The National Hemophilia Foundation announced the launch of Pathway to Cures (P2C), a new venture philanthropy investment fund focused on making an impact across all inheritable blood disorders.
The fund has been launched with an initial $3.5 million from the National Hemophilia Foundation as it begins fundraising with a $20 million target to invest in companies that “demonstrate significant potential to make an impact on the inheritable blood disorders community.”
P2C is currently in discussions for investment opportunities with the goal of investing capital in 2023. Teri Willey is also joining NHF as a managing director at P2C from IU Ventures, where she was the founding managing director of IU Ventures’ Indiana Philanthropic Venture Fund in Bloomington, Ind.
Current value of the global inheritable blood disorders treatment market
Estimated value of the global inheritable blood disorders treatment market by 2027
“I am honored to have this opportunity to use impact investing to innovate disease philanthropy and advance cures for inheritable blood disorders,” said Willey in a statement. “We believe there is a significant untapped investment opportunity and unmet need for supporting biotech companies in the clinical development of inheritable blood disorders therapies regardless of the indication or the size of the affected population.”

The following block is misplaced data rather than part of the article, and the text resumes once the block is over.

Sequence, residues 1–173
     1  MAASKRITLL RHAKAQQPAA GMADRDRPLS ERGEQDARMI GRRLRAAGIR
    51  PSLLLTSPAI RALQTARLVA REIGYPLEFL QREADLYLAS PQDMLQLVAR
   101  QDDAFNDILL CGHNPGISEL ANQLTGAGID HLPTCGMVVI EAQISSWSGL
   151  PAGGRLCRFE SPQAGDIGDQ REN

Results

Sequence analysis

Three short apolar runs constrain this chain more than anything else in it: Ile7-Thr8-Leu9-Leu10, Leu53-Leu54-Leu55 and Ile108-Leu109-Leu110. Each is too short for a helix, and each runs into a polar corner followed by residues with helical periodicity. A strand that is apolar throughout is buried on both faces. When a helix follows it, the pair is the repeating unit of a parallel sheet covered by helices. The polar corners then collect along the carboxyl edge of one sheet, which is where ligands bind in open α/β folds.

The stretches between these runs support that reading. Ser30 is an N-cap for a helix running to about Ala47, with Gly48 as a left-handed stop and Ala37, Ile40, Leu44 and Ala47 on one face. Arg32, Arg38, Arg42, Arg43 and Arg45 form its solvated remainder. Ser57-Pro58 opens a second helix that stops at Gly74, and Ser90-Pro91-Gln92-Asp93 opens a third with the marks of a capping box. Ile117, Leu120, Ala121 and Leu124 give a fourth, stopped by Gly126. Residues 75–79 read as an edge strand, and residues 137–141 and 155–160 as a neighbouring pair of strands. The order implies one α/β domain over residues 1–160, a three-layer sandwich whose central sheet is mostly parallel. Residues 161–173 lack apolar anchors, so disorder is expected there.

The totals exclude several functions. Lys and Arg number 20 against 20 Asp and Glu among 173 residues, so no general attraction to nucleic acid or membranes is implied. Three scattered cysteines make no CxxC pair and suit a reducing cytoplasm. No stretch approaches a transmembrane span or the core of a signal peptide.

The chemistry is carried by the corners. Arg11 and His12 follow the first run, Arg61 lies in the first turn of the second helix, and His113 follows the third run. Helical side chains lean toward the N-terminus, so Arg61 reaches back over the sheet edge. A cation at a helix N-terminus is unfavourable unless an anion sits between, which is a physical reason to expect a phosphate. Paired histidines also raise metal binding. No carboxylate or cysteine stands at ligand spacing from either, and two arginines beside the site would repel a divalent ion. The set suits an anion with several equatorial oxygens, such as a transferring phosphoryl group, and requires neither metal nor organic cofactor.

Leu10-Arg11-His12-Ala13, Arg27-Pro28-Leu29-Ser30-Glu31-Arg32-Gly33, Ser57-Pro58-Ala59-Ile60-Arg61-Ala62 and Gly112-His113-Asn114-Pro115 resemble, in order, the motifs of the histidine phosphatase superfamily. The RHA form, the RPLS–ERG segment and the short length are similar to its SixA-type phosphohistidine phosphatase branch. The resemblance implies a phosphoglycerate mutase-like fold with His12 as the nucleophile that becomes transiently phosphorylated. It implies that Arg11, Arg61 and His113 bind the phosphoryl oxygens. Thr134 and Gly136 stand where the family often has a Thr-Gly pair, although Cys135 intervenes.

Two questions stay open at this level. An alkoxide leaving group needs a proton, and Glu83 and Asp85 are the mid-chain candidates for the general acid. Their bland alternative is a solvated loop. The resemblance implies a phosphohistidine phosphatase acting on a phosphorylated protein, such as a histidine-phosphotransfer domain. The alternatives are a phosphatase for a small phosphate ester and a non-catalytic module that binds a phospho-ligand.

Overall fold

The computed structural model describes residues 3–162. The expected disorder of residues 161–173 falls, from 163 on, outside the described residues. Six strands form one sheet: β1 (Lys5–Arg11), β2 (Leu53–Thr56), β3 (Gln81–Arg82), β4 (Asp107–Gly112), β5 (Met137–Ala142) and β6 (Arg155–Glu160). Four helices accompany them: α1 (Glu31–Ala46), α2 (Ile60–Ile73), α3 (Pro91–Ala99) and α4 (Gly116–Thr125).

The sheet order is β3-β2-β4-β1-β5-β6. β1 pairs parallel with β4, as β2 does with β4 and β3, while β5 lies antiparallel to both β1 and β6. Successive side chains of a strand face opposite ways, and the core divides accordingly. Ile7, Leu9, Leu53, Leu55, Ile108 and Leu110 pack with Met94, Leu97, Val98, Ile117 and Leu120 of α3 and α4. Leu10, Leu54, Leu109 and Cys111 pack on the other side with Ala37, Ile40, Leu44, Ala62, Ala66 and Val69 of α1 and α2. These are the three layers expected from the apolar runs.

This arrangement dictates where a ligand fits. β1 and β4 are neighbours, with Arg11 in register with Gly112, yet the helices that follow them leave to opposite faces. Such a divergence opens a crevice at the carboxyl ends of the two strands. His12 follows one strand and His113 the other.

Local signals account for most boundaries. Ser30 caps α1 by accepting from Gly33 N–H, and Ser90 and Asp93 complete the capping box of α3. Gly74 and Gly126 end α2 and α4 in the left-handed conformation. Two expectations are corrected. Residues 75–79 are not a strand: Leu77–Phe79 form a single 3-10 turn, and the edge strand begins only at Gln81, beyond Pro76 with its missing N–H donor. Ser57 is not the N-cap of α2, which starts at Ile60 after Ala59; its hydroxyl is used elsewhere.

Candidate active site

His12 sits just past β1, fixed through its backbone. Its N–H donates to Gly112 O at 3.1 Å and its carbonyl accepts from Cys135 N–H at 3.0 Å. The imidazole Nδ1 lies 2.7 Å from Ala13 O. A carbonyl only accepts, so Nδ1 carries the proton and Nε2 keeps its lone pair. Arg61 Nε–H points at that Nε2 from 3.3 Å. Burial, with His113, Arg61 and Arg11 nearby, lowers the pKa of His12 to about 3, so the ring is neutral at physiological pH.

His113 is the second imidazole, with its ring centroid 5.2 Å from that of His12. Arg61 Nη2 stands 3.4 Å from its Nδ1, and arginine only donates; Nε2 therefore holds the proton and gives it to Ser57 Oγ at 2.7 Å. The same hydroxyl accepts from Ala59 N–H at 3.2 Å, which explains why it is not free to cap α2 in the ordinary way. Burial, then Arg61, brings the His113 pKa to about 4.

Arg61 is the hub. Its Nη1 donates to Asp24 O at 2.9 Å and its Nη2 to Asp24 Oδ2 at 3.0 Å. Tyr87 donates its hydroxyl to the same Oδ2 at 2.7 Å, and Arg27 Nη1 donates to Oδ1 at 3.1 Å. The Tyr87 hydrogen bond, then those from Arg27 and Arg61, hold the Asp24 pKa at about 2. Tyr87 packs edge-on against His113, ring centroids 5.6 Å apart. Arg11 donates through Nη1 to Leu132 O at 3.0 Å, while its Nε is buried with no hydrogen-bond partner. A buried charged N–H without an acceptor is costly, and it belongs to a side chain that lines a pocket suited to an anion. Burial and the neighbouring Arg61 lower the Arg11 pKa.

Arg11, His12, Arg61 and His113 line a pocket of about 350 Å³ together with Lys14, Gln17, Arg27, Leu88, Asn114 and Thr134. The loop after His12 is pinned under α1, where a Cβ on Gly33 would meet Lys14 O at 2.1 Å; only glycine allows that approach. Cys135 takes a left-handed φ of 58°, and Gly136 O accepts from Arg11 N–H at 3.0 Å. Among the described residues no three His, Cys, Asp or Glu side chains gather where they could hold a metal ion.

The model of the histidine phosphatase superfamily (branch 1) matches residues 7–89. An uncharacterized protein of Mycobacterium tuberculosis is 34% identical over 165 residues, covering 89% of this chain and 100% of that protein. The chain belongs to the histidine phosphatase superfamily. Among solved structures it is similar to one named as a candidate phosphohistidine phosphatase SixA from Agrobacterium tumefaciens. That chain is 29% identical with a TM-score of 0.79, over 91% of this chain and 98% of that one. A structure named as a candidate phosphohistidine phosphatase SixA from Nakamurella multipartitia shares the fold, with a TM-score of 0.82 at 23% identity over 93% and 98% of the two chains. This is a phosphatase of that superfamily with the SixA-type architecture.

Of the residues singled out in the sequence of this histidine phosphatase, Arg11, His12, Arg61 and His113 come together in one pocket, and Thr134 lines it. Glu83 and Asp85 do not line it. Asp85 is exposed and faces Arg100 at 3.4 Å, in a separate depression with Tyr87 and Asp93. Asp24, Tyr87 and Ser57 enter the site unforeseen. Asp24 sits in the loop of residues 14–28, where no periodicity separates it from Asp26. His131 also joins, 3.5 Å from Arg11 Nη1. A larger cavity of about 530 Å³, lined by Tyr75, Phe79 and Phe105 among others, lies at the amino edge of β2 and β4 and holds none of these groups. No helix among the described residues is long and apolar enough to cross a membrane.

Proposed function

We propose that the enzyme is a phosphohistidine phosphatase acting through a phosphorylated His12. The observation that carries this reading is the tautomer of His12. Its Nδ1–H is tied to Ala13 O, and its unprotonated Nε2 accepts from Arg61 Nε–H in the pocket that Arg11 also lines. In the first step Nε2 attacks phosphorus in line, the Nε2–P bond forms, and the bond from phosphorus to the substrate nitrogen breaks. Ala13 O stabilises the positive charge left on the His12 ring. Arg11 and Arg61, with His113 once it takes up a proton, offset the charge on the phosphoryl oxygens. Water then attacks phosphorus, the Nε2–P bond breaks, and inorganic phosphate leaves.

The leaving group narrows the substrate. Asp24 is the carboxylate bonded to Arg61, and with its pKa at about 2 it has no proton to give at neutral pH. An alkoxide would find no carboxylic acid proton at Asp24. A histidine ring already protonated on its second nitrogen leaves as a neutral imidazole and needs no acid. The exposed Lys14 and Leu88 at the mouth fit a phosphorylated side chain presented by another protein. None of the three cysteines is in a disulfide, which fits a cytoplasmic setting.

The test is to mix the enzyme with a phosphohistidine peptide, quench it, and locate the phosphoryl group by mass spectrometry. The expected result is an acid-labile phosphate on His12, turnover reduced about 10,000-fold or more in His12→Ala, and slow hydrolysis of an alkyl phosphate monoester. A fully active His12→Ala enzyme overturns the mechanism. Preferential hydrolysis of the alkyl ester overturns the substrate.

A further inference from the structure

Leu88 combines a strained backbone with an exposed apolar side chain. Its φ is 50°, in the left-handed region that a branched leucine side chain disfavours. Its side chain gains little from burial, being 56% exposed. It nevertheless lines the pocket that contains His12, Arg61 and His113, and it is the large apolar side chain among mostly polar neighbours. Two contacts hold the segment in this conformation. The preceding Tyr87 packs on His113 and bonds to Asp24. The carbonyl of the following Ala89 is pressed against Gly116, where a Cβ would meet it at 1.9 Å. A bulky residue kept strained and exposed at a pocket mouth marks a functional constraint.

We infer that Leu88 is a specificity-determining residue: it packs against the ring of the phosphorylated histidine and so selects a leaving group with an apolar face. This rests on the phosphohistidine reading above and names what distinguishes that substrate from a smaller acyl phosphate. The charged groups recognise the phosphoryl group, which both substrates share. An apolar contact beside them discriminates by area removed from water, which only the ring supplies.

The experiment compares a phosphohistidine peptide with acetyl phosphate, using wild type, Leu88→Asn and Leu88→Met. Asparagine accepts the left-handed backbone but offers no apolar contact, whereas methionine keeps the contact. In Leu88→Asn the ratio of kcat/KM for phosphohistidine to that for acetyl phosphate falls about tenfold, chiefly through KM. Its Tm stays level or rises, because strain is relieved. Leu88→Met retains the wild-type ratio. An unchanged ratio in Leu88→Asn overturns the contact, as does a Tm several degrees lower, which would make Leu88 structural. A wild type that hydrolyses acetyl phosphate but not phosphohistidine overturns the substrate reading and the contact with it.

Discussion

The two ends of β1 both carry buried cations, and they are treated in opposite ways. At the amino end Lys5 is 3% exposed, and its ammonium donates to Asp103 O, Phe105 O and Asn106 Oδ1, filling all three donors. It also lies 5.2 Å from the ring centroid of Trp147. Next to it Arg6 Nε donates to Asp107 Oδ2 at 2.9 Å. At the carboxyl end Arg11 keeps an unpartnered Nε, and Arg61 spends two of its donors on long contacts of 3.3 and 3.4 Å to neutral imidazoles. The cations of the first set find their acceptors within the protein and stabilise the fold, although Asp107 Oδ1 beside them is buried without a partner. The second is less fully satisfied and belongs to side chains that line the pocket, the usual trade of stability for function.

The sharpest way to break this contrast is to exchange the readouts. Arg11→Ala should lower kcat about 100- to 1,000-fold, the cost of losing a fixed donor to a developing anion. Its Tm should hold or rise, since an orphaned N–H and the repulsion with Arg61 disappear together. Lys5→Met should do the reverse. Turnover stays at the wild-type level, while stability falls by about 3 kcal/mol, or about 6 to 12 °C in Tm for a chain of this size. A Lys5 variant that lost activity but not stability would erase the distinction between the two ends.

The global inheritable blood disorders treatment market is worth $14 billion currently and is expected to grow to $20.6 billion by 2027, according to industry estimates. Willey said that the market data is incomplete, however, in that it only looks at treatments for the three disorders with the highest prevalence and does not account for hundreds of other inheritable blood disorders that can’t be treated today.
P2C’s strategy is to attract outside private capital from traditional venture capital funds to invest alongside the fund and fill the early-stage funding gap, which experts say is a major roadblock to therapies being developed.
Governed separately from NHF, P2C will have an investment committee comprised of experienced life sciences investors and an independent scientific advisory board. Willey herself has over 35 years of experience commercializing early-stage research results.
Prior to P2C, Willey has served in life sciences roles including as vice president of the Cold Spring Harbor Laboratory, as well as vice president for technology and business development for the Mount Sinai School of Medicine. Additionally, she has founded four venture capital funds affiliated with academic institutions including Indiana University, the University of Cambridge in England, University of Notre Dame Business School and the University of Chicago.
As a venture philanthropy vehicle, P2C’s fund allows any realized gains from investment to be recycled back into the fund for re-investment. Officials said that this in turn magnifies the impact of donor dollars in as many high-quality opportunities as possible.
“NHF has done an amazing job catalyzing inheritable blood disorders research and awareness,” said Kevin Mills, chief scientific officer at NHF and head of P2C’s scientific advisory board, adding, “P2C will work in support of NHF’s overarching mission of a world without inheritable blood disorders as we create and accelerate the pathway for new life-changing therapies and treatments.”